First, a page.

“My Yia Yia and I even have a little script we go through on the phone:Yia Yia: Ti kaneis? (“How are you?”)Me: Kala (“Fine.”)”Hahahaha! I go through the samething with my Yaiyia as well, except I add a “s’agapo poli (I love you a lot)” at the end of every conversation . Like you, I’m half-Greek (from my mother’s side). I’ve been trying to learn the language since, well, ever. When I was younger, I went to Greek School through the church for a few years, but there was a such a gap between the kids who have both parents speaking Greek exclusively in the house, and kids like me who only get it when Yiayia and Papou are over. Having spent a several months in Greece a few years back, I’ve gotten quite good at understanding the language. Its odd though since I don’t often get the chance to speak it, when I do, as good as it sounds in my head, my pronunciation is just awful. Good thing everyone in Greece speaks English well (they start in 1st grade and have to pass a proficiency test to graduate high school), so its passable to listen in Greek and respond in English.

  7. 7
    Sinbad

    Lol, I go through the same thing with my spanish grandparents. All of them basically only speak spanish, and my parents stuck to english around me. So the only phrases I’m good at in spanish are the ones common to grandparents. And I’m a whole lot better at understanding spanish than speaking it.They were also basically the daycare for my cousins, my sister and me. And we lived like 10 minutes away from them.

  8. 8
    Beth

    One of my best friends is Greek, and he’s tried to teach me bits and pieces. For a little while, I could even sound out words! Now, I can only count to five reliably, ten unreliably, mix up “you’re welcome” and “thank you,” and say “I would like a half a piece of cheese.” All very useful.

  9. 9
    skarme

    In my experience (limited sample size, I know), it’s so hard to learn a language that the rest of your family know if you’re not raised bilingual from very early on – harder than just any other foreign language, because everyone else expects you to pick it up faster (or worse, if you don’t look sufficiently white, to know it already…). When I was growing up, my mother worried I might struggle with English if she didn’t try to speak it to me constantly; turned out my Cantonese suffered instead. I can count to 10 by rote, 99 by educated guesswork, and recognise assorted words like “horse” or “telephone” when I hear them. That’s it. It got to the point where, when she decided to have another child, she convinced my grandparents to come and live with us for a couple of years so that my brother could be looked after by monolingual Cantonese speakers.The fact that I’m not out as an atheist to any of my family isn’t really due to the language barrier stopping all but two of them from understanding me, but it’s a pretty good excuse. :)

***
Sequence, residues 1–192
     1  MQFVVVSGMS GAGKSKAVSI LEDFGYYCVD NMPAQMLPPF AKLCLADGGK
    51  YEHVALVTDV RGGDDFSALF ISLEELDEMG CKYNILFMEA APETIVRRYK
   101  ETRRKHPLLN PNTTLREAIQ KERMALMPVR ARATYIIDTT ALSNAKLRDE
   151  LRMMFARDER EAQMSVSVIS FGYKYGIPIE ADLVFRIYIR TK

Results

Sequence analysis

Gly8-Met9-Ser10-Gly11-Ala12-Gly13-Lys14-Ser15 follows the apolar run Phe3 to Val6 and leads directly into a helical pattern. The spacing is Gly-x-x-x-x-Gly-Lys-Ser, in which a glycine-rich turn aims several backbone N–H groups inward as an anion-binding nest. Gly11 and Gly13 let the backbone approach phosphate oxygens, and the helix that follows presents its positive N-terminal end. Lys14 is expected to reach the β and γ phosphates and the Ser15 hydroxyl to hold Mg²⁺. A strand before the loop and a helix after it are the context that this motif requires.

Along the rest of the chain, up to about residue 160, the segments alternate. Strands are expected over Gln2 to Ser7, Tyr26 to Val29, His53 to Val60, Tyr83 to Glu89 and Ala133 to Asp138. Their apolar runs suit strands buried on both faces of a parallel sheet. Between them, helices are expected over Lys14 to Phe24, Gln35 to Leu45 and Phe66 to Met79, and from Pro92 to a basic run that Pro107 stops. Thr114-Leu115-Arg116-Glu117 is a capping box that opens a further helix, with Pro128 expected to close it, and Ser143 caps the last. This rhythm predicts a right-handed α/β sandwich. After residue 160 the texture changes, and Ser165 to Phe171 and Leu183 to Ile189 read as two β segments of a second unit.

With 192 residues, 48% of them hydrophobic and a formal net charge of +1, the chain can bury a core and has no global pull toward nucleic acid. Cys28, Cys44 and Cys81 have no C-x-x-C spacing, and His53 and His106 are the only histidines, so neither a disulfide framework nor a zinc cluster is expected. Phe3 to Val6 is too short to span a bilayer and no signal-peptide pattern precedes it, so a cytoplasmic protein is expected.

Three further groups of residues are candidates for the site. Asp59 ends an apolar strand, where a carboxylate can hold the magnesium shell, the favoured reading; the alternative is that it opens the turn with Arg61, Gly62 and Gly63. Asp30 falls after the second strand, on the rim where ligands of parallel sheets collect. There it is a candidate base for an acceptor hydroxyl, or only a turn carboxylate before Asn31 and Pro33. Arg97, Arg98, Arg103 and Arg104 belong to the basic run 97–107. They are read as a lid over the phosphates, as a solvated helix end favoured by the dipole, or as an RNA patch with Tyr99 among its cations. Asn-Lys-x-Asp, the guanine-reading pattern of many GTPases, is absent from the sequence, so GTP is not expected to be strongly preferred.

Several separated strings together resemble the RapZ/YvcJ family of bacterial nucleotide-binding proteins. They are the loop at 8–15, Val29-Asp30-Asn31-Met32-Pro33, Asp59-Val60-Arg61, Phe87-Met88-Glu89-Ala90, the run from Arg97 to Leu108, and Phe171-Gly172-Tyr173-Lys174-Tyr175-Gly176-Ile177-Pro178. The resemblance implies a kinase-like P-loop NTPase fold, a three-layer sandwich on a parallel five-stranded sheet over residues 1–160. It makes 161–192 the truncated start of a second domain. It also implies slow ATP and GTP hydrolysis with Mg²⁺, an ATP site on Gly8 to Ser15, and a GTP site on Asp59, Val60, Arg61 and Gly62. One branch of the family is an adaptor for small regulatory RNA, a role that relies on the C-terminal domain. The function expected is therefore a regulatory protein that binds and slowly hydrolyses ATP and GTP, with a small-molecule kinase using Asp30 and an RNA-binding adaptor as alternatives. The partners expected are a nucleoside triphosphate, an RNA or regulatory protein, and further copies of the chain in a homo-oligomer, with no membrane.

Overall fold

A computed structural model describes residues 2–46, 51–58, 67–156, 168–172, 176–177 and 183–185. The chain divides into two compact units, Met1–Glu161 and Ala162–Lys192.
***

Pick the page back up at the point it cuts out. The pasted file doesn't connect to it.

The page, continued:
10. 10
    A-M

    You are not alone with both the language thing and coming out as an atheist thing. Out of us 4 kids, I’m the only one who is totally bilingual english/french. My brothers just never got the hang of it. Also, my french and extremely Catholic family aren’t aware that we all turned out atheist (thanks to Papa), because we can’t be bothered with the drama. This is a seriously Catholic family – two great aunts, one aunt and one cousin are nuns. The cousin is only 29! She’s actually one of my closest cousins (I have millions) and I feel like she would accept it, but it’s not really worth the hassle.

  11. 11
    Erik

    I wish I had more exposure to the other alphabets as a child (or at the very least, in high school). I remember in my first college physics class (which also was my first physics class at all) the sudden epiphany of realizing that tau and t were different letters and thus represented completely separate variables– the equations suddenly made sense. Up to that point I just thought it was an idiosyncrasy of his handwriting.

  12. 12
    eddie

    Prospathisa na mathaino Ellinika, na tis entypoziasw ena koritsa.Kerdizw? Dystikos, oxi :-(